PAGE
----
The ageing population in Canada and around the globe will be a defining theme of the next 20 years. From politics to changes in social values, and from capital flows in the economy to the way governments make spending decisions, the fact that our population is getting older influences our day-to-day lives.
For the past 70 plus years, the Baby Boomer demographic cohort has wielded significant influence on our society.
Through the power in numbers, the level of economic activity generated by the ageing of those individuals born between 1946 and 1964 has been a driving force.
This phenomenon resulted in an expansion in the education system in the 1960s and 1970s and the construction of new colleges and universities in the 1970s and 1980s. As this population continues to age, the healthcare system will need to respond to the increasing demand from this cohort.
According to the Canadian Institute for Health Information, the average healthcare spending on those age 80 and older is more than seven times the amount spent for someone between the ages of 1 and 64. Governments continue to grapple with growing demands for spending at a time when the overall labour force participation rate (and by extension, individuals paying income tax) is expected to decrease due to the ageing population. The private sector will be increasingly called upon to come up with innovative solutions to provide housing and services for the growing segment of the population aged 75-plus. The seniors housing & care property market is a direct beneficiary of these trends.
SENIORS HOUSING & CARE PROPERTIES
The seniors housing & care industry provides both housing and an array of services to seniors, generally to those over the age of 75.
The sector is commonly segmented into the following categories:
The various care segments exist along what is referred to as the ‘continuum of care, with the extent of a resident’s required care increasing as the care level tends towards LTC.
The term ‘seniors housing’ is commonly used to refer to the SA, IL, AL and MC segments, whereas the term ‘care properties’ predominantly refers
to government-subsidized long-term care homes.
Seniors’ apartments and independent living, referred to by some as independent supportive living (ISL), typically serve the most active and autonomous residents and primarily offer hospitality services.
Care properties serve the residents with the greatest needs and, accordingly, provide both hospitality services as well as increasing levels of personal care services and Supply of Seniors Housing Properties in Canada support.
A continuing trend in seniors housing & care has been the rising acuity levels of residents upon initial move-in across the care segments. As a result, independent living and assisted living operators often care for residents who already have some need for assistance with activities of daily living.
In Canada, the Canada Mortgage and Housing Corporation (CMHC) is the primary source of information for occupancy and average rent metrics and an accounting of the rental unit inventory for the seniors housing component of the sector. According to CMHC, there currently are approximately 2,918 properties containing 255,295 units (excluding heavier care properties).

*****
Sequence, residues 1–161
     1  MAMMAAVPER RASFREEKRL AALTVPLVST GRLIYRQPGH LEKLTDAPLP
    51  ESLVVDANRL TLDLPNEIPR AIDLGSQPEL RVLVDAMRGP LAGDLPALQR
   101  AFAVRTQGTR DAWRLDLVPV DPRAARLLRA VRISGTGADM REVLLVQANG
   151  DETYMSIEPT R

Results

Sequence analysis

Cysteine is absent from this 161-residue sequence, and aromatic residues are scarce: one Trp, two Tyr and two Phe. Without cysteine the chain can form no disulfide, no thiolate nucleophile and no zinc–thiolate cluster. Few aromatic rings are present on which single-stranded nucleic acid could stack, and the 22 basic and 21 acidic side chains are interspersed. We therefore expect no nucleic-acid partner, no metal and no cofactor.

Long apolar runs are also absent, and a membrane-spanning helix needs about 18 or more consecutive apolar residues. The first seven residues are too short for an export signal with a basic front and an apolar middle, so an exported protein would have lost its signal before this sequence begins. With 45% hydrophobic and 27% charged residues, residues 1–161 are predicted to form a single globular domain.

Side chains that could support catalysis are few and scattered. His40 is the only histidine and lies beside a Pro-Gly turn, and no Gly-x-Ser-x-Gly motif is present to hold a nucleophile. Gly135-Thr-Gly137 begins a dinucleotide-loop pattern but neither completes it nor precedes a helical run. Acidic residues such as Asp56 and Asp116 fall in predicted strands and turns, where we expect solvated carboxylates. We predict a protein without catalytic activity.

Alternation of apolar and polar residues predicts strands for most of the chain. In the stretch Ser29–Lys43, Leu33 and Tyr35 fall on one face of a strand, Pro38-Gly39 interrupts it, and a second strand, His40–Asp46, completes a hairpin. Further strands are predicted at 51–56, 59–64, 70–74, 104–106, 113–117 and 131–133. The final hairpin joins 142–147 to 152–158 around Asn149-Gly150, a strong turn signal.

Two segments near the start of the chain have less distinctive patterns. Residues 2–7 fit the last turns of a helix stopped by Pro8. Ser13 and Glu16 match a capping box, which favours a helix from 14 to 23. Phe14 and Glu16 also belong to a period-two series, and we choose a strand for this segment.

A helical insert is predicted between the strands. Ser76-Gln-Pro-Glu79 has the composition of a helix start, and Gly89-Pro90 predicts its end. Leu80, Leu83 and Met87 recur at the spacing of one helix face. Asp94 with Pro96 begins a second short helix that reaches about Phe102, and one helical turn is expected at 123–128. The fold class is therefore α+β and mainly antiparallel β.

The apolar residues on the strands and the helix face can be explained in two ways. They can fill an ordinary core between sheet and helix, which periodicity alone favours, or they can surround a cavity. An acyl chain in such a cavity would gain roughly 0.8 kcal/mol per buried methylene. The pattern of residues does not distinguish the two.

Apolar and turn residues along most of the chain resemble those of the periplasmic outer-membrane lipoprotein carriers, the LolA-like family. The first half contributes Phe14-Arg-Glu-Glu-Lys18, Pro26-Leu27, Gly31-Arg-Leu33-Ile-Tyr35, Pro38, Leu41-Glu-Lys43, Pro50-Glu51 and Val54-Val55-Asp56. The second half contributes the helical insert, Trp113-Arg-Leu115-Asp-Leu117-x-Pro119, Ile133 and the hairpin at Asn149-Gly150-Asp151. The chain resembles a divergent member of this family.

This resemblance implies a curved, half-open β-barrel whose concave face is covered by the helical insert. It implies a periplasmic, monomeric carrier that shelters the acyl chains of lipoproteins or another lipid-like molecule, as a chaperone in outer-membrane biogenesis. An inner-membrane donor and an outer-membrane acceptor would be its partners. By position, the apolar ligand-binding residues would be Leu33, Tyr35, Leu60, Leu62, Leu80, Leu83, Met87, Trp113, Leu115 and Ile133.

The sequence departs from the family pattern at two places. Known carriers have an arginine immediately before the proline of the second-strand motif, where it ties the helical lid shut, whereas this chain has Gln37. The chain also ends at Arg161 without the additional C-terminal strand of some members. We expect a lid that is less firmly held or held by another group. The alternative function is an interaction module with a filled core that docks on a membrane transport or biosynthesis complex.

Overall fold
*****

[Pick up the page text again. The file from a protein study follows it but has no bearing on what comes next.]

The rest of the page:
The seniors housing inventory in Canada is not uniformly distributed per capita across the country. In the Province of Québec, one senior's housing rental unit exists for every six seniors age 75 and older whereas, in Ontario, the same ratio is 1 to 18. Part of the reason for this discrepancy in demand penetration rates can be explained by the fact that the seniors’ apartments segment of the Québec market is larger than in other provinces and therefore affords customers a greater range of options, which can particularly appeal to younger, more autonomous seniors.
The following table outlines indicative metrics for pure-play formats of each of the respective care segments. We note it is common for multiple service levels to exist within a single property.
HISTORICAL OPERATING STATISTICS
Despite losing some ground on top-line revenue due to the sequential decline in national occupancy observed during the past two years, rent increases have more than offset the softness in property censuses, with average annual rent growth of ~3% per annum over the past five years. The national picture masks some regional softness resulting from over-supply. While the cities of Vancouver, Calgary and Toronto posted sequential increases in occupancy in 2019, the remaining major Canadian ‘VECTOM’ CMAs posted decreases in occupancy in 2019. Most markets in the Lower Mainland of British Columbia remain balanced with lower supply growth projected over the next five years. Other markets will continue to
face challenges in 2020, as highlighted in our Development Monitor series presented later in this report.
The following chart illustrates key operating performance indicators of the Canadian seniors housing industry from 2010 through 2019.
AGING POPULATION IMPACTING DEMAND
Consumer demand for seniors' housing & care properties is primarily driven by older adults who require convenient access to services and support.
According to Statistics Canada, since 1971, the average age of the overall Canadian population has increased from 26.2 to 40.8. The proportion of the population aged 75 and older has increased from 2.9% to 7.4%. The number of those aged 75 and older has grown by a 3.1% CAGR during this period.
Over the next 20 years, the 75-plus segment is expected to grow by almost 4.0% per year and will account for 13.5% of the total population by 2040. In order to maintain the current level of seniors housing inventory per capita, the total supply will need to more than double over the next 20 years to maintain equilibrium. This projection conservatively assumes that the current inventory of retirement residences remains serviceable and the long-term care system capacity expands at the same rate. In practice, a portion of the current seniors housing inventory will become obsolete and will need to be replaced. Additionally, fiscal constraints will likely limit the government’s ability to finance such growth in the long-term care system.